You are not permitted to download, save or email this image. Visit image gallery to purchase the image.
A Dunedin dance lecturer has been honoured for a lifetime body of work.
University of Otago College of Education senior dance lecturer Suzanne Renner was presented with the Kowhiti lifetime achievement award in Maori contemporary dance, at the Kowhiti Atarau Festival of Indigenous Contemporary Dance, in Wellington earlier this month.
''I was very surprised and absolutely thrilled, especially, with having Maori heritage,'' Ms Renner said last week.
''I suppose if you live long enough, someone takes notice of what you've been doing.''
The award was an important recognition of dance she said.
''Dance isn't the most visible of arts. Most of the time, you're working away in a studio and the work is unseen until you bring it out on stage,'' she said.
''I think I'm still in the developing stage in Maori contemporary dance. The previous recipients have either come from a Maori traditional or from a European Western dance base, but they all work at finding ways to amalgamate the best of what each has to offer. My background is predominantly in modern dance''Despite her modesty, Ms Renner is credited with inspiring generations of dancers and choreographers.
She was a professional dancer and choreographer with the Ririe-Woodbury Dance Company in the United States and qualified as a national movement specialist in 1980, before undertaking dance teaching residencies in indigenous and mixed communities in Alaska, Hawaii and New Mexico.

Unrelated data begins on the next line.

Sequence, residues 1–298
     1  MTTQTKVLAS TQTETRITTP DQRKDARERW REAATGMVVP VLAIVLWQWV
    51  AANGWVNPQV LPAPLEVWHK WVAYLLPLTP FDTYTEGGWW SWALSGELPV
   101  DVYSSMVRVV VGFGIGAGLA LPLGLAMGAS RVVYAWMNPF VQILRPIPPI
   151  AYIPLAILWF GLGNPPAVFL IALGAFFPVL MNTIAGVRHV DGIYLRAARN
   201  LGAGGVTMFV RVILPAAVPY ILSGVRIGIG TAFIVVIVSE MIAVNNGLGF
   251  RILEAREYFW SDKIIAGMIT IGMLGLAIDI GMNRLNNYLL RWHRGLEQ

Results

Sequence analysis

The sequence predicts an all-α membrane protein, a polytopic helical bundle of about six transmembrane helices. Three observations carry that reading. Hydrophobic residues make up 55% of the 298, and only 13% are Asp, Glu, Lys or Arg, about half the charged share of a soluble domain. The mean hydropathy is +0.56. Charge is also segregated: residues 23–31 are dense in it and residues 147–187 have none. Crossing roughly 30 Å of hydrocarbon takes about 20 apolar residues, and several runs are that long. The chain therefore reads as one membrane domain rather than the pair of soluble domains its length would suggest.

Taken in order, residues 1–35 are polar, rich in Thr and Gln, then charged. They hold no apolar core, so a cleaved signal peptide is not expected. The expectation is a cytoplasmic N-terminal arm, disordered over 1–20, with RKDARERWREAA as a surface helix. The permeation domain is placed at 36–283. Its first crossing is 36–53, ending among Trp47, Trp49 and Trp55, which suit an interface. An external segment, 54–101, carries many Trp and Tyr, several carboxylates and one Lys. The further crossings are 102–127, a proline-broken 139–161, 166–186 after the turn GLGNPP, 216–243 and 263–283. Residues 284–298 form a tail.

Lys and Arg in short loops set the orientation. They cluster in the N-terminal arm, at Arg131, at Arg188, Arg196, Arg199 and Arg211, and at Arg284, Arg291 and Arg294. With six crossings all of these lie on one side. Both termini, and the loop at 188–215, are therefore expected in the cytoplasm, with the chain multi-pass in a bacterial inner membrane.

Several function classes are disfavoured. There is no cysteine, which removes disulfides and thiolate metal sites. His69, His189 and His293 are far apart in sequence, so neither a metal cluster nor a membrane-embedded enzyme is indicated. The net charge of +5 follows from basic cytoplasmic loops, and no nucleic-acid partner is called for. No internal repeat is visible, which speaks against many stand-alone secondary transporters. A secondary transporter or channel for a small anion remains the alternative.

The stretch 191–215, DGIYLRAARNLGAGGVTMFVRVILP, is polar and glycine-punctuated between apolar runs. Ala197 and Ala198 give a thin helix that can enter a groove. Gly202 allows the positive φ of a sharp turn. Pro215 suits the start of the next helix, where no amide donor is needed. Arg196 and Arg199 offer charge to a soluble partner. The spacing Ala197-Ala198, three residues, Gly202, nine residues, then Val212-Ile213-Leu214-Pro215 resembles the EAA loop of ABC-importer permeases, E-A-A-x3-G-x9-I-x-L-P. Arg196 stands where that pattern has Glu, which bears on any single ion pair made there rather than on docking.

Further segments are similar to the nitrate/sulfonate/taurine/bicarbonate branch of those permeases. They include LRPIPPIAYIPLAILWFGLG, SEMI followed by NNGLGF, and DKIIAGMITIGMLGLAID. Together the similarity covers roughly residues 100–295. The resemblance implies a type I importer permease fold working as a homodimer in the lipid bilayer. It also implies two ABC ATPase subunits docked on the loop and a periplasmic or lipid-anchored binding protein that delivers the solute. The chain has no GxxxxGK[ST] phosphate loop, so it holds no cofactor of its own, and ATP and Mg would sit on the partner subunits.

Since her return to New Zealand in 1986, she has been senior lecturer and school support adviser in dance education at the University of Otago College of Education.
She helped shape the Ministry of Education arts curriculum professional development programme and has mentored many dancers and choreographers through the former University of Otago dance group Dance-Arts.
Ms Renner is only the fifth recipient of the Kowhiti lifetime achievement award.
She was particularly delighted with her award, a pounamu adze specially created for her by Maori artist and friend Charles Koroneho.
''We also used to dance together, so it is very special,'' she said.